Little Vines on Paper

I have finally found the books with which I want to spend the rest of my life. But there is not enough time in the day, for the moment, to draw wisdom from their pages. So I miss them because it's become apparent how necessary it is to revise good ideas: it is not enough to merely encounter them once. Yet the ideas are not only in those books, the point of the good idea is that it is timeless and can be found in that Stoic idea of how people live, easy to locate if one is looking to people.
So here are some vignettes of what I have been doing when not checking contextual vocabulary for the book I am supposedly copy editing, but let's say that any translation happening as fast as this book is being translated means that the translation needs to be checked and retranslated in places, too. Anecdote one: I would perhaps be frustrated by this, or the ever more arcane deadline (though not on my end), but I am working with people whose haste is making something come together in months, as opposed to the years it would take me. So I may be losing sleep these days checking all these things that will not be revised enough but at the same time, I have become part of something that is powered by a will that I have not encountered in ages.
And I encountered the Wizard of Oz-like project manager, who took me away from hours on the job for coffee with the author who never showed and ended up remarking offhandedly at some point, "It is better to work on solving the small problems if we want the larger ones to be resolved." That is just like the opening to Epictetus' Golden Sayings, which asks man to focus on the things that are in his control: "The things in our control are by nature free, unrestrained, unhindered; but those not in our control are weak, slavish, restrained, belonging to others. Remember, then, that if you suppose that things which are slavish by nature are also free, and that which belongs to others is your own, then you will be hindered." If something is beyond our control, we are taught to say to such, "You are but an appearance, and absolutely not the thing you appear to be" and say to such that it is nothing to us. The little things are far more accessible, like how I talk to the cleaning ladies at the university; what is not accessible is whether I will be hired again next year.
By talking to the cleaning lady after the exam I held, I gleaned this nugget from her, "It appears," she said, "that some people have forgot that they are people."
Indeed, people we are. Not numbers, not parties, but people who laugh and cry, eat and discard stems or bones. Messy material. Problematic.




So as I was walking through the farmer's market today, one of those quiet, overcast days when it seems that every vendor I know calls me over to exchange a few wordsno matter which, I stood the longest at the fish stall, where the lady talked about her brush with politics, how by not getting involved, she became an outcast and lost her job, only to be hired soon afterwards, with two children to feed, at a newspaper. She had been some kind of IT worker in the early days of such...and today she plunges her hands in the ice to release the fish that become people's meals.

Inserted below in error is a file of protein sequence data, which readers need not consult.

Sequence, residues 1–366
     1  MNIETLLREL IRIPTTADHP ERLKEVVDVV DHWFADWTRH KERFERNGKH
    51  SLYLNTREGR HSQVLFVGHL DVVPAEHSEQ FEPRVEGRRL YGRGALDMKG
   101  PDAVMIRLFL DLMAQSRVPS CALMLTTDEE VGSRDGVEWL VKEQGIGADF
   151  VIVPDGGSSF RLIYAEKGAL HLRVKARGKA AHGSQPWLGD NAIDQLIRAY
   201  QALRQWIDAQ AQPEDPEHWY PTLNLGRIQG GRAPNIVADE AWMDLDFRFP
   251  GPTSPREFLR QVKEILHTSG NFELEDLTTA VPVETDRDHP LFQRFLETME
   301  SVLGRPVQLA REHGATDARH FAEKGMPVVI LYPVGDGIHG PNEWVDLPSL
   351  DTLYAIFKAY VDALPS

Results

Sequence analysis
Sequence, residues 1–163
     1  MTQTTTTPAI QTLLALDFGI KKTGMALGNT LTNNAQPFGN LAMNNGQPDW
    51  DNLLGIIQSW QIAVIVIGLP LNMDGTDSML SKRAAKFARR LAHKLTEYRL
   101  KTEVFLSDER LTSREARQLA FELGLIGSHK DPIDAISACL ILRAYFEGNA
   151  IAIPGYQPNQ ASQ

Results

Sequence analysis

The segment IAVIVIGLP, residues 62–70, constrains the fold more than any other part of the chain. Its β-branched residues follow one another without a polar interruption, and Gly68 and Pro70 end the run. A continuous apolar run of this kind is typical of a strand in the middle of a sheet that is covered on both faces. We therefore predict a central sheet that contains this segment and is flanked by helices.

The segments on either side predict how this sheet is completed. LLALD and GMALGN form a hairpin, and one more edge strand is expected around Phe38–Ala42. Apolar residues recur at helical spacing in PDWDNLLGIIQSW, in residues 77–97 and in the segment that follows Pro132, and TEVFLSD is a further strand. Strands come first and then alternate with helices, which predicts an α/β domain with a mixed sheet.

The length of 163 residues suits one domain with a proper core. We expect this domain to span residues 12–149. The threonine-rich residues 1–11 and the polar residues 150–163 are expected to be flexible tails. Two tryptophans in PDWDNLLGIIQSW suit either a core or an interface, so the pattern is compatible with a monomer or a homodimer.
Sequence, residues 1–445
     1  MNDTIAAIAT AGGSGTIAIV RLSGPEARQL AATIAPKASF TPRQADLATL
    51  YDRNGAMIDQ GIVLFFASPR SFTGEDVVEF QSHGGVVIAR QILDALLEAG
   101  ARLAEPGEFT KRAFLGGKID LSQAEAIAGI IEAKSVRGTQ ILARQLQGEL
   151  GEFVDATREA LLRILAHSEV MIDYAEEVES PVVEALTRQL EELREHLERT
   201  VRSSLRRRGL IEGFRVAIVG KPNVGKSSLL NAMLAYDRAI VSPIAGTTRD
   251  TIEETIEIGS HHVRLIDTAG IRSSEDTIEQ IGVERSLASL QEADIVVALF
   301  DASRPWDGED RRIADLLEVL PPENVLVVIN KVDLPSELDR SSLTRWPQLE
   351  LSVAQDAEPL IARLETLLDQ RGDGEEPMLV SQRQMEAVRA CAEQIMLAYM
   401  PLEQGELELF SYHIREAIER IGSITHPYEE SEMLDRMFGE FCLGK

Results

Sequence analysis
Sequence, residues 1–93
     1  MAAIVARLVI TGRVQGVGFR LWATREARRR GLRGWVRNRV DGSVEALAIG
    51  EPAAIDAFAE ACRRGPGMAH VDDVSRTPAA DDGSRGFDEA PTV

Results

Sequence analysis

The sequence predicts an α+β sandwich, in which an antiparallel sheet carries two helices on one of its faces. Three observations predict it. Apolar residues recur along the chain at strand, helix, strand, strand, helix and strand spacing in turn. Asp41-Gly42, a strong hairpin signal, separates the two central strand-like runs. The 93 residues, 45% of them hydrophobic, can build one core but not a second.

Her main comment was that the sooner people understand that fortune comes and goes, if they have the fortune to see this in their own family, they are better adjusted to the way of things. That those too focused on the material are quickly disappointed and have little to teach others (viz. the way of things). That if one lacks such teachers, one has books (says the fishmonger-if you understand my interjection): books, not just one book but many books because all one needs is never in a single book. She was talking about how it is never enough to live by worrying over material existence, but that it helps to do the useful or enjoyable. And she did not use the contemporary stock phrase positive energy as she spoke, but the phrase, to fill the soul.
So much of what annoys passes quickly: one may even reach old age and regard past experience with that grain of salt that may or may not be used to freeze things (to link to a marvelous blog I discovered today via languagehat).
Freezing is an interesting concept. It is most useful for its opposite, heat, as in, the hot months of summer. From these opposites, I take time from little time to reflect on these anecdotes that serve as substitutes for books for as long as the tome of history I am working on occupies me. But does not control me. Because I still have the little things, and if they are not books they are at least placeholders to the texts that await me: the itses in want of context.



Brush: Ewansim Grunge at DeviantART.
Bookstore:  Erato Books

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